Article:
In Summary: A High by Any Other Name: Exploring the Motivations for Consumption of 'Legal Highs'

William E Thompson*

Texas A&M University-Commerce Commerce, Texas, USA

Corresponding Author:
William E Thompson, Ph.D
Professor of Sociology and Criminal Justice
Texas A&M University-Commerce, Texas, USA
E-mail: [email protected]

Received date: August 27, 2017; Accepted date: August 29, 2017; Published date: August 31, 2017

Citation: Thompson WE (2017) In Summary: A High by Any Other Name: Exploring the Motivations for Consumption of ‘Legal Highs’. J Drug Abuse. Vol. 3 No. 2:10

 
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A large number of legal, semi-legal, synthetic, and organic drugs are sold online and through commercial vendors as novelties, often bearing the label “not for human consumption.” This qualitative field study was based on extensive ethnographic interviews conducted over a five month period with 26 people who regularly used synthetic and organic drugs for recreational purposes. Some of the more popular and common legal and semi-legal drugs of choice among these users included, but were not limited to: “Spice” (typically sold as incense or potpourri containing marijuana-mimicking substances), Salvia (salvia divinorum, a South American brush that produces a deliriant effect when ingested or smoked), Kratom (Mitragyna speciosa, which has varying effects similar to opiate highs, stimulants, marijuana, and alcohol), Ayahuasca (a combination of herbs and plants that produces powerful psychedelic effects somewhat similar to LSD, “Magic Mushrooms” (spores that produce a variety of hallucinogenic effects), Hawaiian Baby Wood Rose and Morning Glory seeds (both of which when brewed as a “tea” produce hallucinogenic experiences) [1].

Utilizing a grounded theory approach the authors created a typology of users that fell into three general categories they labelled as: Risk Reducers, Plan B Users and Novelty Seekers. Risk Reducers were those users who wanted to avoid the common risks associated with the use of illegal and/or regulated substances. People in this category tended to have families, jobs and otherwise were considered to be non-drug users, and although they enjoyed getting high, they could not risk the stigma and other negative consequences associated with illegal drug usage. They contended that these drugs were undetectable in standard drug tests, did not give off the odours associated with marijuana or alcohol, and were highly unlikely to lead to arrest or other legal sanctions. Plan B Users was created as a category when one of the women interviewed, a long time heroin user who also abused prescription opiate drugs, when asked why she used synthetic and organic drugs replied, “Well, it’s not plan A.” Typically, the users in this category were known drug users, many of whom were on probation or parole and were subject to routine and/or random drug tests. The synthetic and organic “substitutes” served as “plan B” to provide similar highs they would prefer to get from the harder illegal and regulated drugs to which many of them were addicted. The final category, Novelty Seekers, as the name suggests, consisted of people (often younger than the other two categories) who were curious about the synthetic and organic drugs and wanted to try some of them experimentally to see if they liked the effects, or they wanted to determine if they would experience some of the same “wild” and “crazy” experiences they had witnessed on social media and heard about through second-hand accounts.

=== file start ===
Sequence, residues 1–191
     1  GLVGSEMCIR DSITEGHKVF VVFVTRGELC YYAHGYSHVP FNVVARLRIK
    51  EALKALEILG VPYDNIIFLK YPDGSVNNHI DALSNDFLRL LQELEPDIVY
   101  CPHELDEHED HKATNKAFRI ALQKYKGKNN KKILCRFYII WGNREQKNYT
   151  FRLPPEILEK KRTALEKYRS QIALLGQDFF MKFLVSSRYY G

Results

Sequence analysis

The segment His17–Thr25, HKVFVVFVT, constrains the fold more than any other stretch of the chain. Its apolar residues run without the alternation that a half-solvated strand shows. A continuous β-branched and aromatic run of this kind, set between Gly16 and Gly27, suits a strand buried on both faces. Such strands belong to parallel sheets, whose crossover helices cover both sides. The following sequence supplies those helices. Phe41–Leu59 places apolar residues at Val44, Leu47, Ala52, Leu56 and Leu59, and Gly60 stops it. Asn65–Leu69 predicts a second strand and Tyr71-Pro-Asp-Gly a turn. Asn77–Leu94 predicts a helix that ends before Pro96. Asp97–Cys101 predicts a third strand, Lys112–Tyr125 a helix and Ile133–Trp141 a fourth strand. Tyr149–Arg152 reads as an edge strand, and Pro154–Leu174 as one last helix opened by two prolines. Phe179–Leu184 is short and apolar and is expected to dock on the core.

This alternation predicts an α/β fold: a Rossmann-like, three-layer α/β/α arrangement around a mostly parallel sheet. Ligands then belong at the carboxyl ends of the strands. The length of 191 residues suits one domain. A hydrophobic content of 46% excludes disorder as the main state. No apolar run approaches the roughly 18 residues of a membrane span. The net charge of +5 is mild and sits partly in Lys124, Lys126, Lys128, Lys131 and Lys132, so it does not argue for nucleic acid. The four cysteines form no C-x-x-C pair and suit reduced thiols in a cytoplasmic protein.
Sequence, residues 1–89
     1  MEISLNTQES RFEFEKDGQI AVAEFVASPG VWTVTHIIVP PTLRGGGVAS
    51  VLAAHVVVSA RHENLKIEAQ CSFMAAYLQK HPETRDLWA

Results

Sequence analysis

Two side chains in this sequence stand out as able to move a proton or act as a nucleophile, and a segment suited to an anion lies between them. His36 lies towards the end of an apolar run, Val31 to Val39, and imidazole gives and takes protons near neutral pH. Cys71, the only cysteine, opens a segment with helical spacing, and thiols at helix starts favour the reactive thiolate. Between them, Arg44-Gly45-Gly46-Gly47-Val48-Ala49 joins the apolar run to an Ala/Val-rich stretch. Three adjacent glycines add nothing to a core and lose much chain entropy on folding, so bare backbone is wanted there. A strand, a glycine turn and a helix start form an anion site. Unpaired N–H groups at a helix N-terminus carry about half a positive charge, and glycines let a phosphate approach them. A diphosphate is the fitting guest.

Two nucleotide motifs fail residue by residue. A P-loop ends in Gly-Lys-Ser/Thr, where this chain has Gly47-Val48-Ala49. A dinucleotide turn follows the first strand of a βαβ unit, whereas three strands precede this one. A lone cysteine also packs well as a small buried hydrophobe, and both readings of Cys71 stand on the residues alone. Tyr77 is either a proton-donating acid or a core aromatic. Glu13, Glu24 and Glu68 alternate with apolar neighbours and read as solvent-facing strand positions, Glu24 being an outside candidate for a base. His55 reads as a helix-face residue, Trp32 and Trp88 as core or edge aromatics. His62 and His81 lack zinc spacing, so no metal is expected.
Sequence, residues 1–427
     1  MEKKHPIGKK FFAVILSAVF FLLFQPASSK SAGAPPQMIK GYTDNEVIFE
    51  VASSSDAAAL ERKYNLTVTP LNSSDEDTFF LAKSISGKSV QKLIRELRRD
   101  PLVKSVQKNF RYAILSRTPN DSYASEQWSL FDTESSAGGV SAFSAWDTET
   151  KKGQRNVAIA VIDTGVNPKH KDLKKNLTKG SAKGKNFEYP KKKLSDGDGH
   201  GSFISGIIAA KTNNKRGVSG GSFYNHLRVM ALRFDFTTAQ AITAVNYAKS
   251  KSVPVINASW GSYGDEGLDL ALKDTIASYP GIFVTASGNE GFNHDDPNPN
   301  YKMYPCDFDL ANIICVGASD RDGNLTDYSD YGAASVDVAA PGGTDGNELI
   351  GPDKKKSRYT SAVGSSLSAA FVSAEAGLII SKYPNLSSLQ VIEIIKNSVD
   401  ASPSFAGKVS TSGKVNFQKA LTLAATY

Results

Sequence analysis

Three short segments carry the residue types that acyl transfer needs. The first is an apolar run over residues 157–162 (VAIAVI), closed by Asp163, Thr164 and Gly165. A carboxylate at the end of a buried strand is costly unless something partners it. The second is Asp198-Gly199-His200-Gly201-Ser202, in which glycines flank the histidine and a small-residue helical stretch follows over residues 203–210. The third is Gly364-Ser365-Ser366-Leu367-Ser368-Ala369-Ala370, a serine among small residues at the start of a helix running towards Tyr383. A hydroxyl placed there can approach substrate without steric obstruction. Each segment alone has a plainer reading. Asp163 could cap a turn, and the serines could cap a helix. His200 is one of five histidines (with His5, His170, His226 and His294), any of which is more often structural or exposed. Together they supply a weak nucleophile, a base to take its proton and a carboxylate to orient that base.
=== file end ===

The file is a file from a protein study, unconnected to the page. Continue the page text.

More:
In analyzing many of the motivations for seeking highs through the use of legal and semi-legal organic and synthetic drugs, it was not surprising to find that they were fairly similar to the reasons that people use illegal drugs or abuse prescription medications. A high by any other name, whether obtained legally or illegally, is still a high [1].

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